Living in Turkey? Then you need to either apply for a Turkish driving license or you can keep your UK license as long as your passport is stamped that you leave Turkey every 6 months, most people either visit their homeland or take a day trip to Kos for example. This is correct at the time of writing this Blog October 2017 because as we know the rules and regulations in Turkey tend to change fairly often! It’s also fair to say that having eyes in the back of your head is also helpful, after driving in Turkey now for over 14 years I have witnessed some very funny moments not necessarily dangerous events!
Driving in Turkey can be a little intimidating at first for example when a car wants to overtake they generally beep the horn and flash their headlights at you, it’s not aggressive they are letting you know they are there. Some locals have a tendency to drive in the middle of the road, all you need to do is beep to let them know you are there and they will pull over to the right to let you overtake. They don’t use their indicators very often so my advice would be to always leave a safe distance between you and the car in front. In my experience, there seems to be two speeds here in Turkey either fast or slow so just be aware of your surroundings and drive accordingly.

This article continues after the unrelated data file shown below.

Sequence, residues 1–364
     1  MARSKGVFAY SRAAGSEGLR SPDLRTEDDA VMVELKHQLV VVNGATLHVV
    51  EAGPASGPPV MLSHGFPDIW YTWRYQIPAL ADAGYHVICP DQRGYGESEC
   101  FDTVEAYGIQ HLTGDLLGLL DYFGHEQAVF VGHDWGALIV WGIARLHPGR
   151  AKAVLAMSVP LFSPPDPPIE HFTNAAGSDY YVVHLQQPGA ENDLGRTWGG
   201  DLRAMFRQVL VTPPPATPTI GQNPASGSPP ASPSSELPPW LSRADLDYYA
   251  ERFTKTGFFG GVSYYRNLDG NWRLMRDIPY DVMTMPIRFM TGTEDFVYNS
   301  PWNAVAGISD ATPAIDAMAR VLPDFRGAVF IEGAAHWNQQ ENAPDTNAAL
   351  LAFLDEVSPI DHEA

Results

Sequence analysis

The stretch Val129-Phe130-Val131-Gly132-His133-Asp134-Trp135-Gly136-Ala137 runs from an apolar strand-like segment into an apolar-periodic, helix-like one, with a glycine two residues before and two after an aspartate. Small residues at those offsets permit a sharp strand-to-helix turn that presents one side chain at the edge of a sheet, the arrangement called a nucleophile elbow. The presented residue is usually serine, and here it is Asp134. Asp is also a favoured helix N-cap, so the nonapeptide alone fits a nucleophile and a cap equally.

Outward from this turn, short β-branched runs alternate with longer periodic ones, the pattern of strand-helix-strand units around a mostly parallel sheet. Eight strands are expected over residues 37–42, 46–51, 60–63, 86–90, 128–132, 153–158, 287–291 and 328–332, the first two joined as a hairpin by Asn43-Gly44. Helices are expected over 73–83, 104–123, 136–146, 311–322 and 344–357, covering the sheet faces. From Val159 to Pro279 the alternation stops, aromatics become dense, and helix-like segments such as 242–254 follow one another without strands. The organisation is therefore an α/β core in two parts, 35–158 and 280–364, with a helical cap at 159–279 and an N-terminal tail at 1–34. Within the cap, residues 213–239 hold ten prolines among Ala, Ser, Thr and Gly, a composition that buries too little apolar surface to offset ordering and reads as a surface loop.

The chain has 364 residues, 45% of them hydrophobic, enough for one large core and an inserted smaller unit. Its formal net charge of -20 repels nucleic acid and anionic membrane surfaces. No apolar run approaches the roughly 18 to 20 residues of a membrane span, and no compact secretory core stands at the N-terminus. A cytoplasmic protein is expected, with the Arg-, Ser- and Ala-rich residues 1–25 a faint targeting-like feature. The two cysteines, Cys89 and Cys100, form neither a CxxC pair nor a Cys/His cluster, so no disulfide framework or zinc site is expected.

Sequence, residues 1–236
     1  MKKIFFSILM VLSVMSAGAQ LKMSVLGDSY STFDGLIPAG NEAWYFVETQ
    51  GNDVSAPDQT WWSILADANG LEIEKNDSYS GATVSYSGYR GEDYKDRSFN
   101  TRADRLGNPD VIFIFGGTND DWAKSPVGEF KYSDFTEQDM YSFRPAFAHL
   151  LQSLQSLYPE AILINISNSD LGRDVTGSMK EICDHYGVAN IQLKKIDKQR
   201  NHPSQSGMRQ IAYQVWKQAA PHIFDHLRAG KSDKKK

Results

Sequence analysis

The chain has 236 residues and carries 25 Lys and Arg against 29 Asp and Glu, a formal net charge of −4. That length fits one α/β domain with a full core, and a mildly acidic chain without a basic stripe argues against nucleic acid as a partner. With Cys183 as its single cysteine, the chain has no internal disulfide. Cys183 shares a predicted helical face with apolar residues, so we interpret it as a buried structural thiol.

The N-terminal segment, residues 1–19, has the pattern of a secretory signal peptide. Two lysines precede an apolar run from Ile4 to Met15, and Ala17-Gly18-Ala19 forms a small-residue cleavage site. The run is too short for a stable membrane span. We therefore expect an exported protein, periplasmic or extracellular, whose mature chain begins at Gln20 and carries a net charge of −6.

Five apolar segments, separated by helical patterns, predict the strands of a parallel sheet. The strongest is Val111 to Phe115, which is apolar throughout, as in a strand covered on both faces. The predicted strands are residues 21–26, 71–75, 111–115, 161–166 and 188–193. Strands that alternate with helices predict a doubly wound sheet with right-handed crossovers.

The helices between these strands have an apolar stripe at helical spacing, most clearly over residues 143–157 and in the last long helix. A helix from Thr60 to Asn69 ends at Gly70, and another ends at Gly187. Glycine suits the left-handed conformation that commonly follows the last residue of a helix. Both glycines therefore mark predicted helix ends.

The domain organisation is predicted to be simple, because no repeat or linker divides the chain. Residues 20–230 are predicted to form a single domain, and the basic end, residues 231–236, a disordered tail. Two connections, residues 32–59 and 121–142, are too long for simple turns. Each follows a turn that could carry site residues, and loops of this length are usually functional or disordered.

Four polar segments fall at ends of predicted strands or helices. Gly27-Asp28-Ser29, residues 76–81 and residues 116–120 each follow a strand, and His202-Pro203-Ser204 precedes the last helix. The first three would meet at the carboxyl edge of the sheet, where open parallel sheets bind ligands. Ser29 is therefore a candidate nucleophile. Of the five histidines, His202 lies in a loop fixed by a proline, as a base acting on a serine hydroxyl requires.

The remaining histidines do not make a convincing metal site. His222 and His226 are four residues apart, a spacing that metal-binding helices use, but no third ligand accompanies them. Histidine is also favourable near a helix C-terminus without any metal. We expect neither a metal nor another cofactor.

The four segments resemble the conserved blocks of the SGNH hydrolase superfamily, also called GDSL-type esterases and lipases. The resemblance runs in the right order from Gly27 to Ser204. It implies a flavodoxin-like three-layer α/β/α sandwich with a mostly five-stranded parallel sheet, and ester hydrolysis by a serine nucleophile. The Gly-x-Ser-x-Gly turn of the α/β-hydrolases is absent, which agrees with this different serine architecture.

One of my greatest joys which make life a little easier is when you go for petrol there are forecourt attendants that fill your car for you and more often than not give your windscreen a bit of a clean. All you need to ask for is gas, diesel or benzene (petrol) there is a sticker next to your petrol cap which indicates to them what your car needs. Gas is commonly used in Turkey although not for rental cars. You can pay by cash or credit card.
Handy hints for you whilst driving in Turkey.
Driving is on the right so overtake on the left.
Before driving, put on your seat belt and ensure you have your driving licence, passport/residency visa and car rental agreement or insurance documents with you in the car at all times.
Extra care at roundabouts, traffic lights and junctions are especially needed.
If there are no signs or signals saying otherwise, the right of passage at crossroads is from your right side, you must give way to traffic coming from the right.
Speed limits are on traffic signs along the roads though not on all roads.
50 kilometres per hour in built up areas / 90 kilometres per hour on open roads / 120 kilometres per hour on motorways.
Please adhere to speed limits, police issue fines if you are caught speeding and if you pay them immediately (at the tax office) they will usually give you a discount.
All that is left to say is “happy and safe driving”